ACM (polyacrylate rubber) consists of a polymerised ester and a curing monomer and being an M-Group elastomer has a saturated backbone coupled with polar side groups in the molecular structure. This results in excellent resistance to heat, ozone and hot oils and makes it significantly better than NBR materials. However, resistance to water, acids, alkalis and glycols is poor, whilst low temperature flexibility and physical strength (including resistance to compression set) is only fair. AEM (ethylene acrylate rubber) is a similar material with slightly improved high and low temperature capability, but poorer overall chemical resistance and at an increased cost.
Why use ACM/AEM?
The improved hot oil resistance capability (compared to an NBR material) will often justify the slightly higher cost of an ACM seal. In applications where additives (such as sulfur) are used in the lubricating oils, ACM can be a cost effective solution compared to more expensive M-Group rivals (such as FKM). It can also be preferred over silicone based materials for some hot air applications. If the application is exposed to ozone and the atmosphere, the improved resistance to ageing that ACM offers can give substantial lifetime advantages.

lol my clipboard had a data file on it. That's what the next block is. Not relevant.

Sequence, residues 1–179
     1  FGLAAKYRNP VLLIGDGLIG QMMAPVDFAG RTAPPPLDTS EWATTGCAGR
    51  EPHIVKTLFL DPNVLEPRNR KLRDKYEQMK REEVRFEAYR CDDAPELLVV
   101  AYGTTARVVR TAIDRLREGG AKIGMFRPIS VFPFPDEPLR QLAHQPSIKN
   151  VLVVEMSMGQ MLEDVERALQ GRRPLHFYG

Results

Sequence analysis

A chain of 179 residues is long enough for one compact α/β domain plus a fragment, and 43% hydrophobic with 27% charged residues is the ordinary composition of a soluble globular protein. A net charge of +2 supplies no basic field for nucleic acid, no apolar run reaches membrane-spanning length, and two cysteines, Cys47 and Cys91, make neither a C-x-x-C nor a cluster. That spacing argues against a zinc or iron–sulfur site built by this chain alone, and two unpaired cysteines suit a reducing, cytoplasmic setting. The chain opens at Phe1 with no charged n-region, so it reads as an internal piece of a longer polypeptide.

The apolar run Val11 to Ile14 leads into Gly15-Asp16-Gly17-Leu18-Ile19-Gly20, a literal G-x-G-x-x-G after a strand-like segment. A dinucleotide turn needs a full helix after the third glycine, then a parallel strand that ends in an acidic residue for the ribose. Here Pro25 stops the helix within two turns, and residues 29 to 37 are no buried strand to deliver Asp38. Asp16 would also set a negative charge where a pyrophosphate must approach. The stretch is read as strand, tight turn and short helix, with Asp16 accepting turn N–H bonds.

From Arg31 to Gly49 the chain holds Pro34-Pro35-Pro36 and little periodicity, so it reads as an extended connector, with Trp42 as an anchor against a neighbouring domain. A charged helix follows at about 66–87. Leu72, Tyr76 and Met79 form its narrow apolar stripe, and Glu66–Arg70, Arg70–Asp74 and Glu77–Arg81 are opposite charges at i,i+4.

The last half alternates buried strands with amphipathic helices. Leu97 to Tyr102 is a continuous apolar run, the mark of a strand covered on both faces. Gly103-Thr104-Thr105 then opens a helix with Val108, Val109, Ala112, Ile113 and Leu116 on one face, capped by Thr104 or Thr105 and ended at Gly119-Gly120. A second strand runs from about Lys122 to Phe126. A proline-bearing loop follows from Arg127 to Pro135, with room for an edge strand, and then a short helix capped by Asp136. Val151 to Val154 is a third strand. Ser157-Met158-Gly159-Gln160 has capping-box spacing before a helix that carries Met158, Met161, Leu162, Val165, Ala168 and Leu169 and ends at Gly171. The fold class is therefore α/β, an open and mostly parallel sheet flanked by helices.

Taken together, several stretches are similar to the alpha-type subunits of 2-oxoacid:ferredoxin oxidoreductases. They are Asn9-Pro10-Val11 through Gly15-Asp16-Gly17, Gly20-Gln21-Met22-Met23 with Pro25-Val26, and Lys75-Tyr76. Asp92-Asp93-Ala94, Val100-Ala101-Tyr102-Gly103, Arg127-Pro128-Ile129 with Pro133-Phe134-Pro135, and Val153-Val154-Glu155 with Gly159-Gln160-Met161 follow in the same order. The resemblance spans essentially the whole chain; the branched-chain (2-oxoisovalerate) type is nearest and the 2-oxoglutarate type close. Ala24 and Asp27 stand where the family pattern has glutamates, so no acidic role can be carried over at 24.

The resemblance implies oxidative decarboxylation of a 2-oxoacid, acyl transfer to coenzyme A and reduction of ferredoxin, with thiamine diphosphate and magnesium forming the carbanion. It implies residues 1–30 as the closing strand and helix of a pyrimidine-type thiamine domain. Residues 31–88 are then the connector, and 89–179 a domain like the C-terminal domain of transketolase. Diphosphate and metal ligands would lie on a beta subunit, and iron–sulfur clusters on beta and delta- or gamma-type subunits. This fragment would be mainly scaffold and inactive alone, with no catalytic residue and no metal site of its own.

ACM is an ideal choice in the automotive industry for “under bonnet” applications, where the high temperature and hot oil resistance is significantly better than NBR options for a modest increase in cost, and well below the substantial cost increase associated with FKM alternatives. Use within the engine and gearbox lubrication systems is common, whilst water and glycol based fluid resistance is poor and exposure to these fluids should be avoided. General temperature capability is -20°C (-4°F) to +177°C (+350°F) but as with most elastomers special formulations can extend this, and lower temperatures of -35°C (-31°F) can be achieved.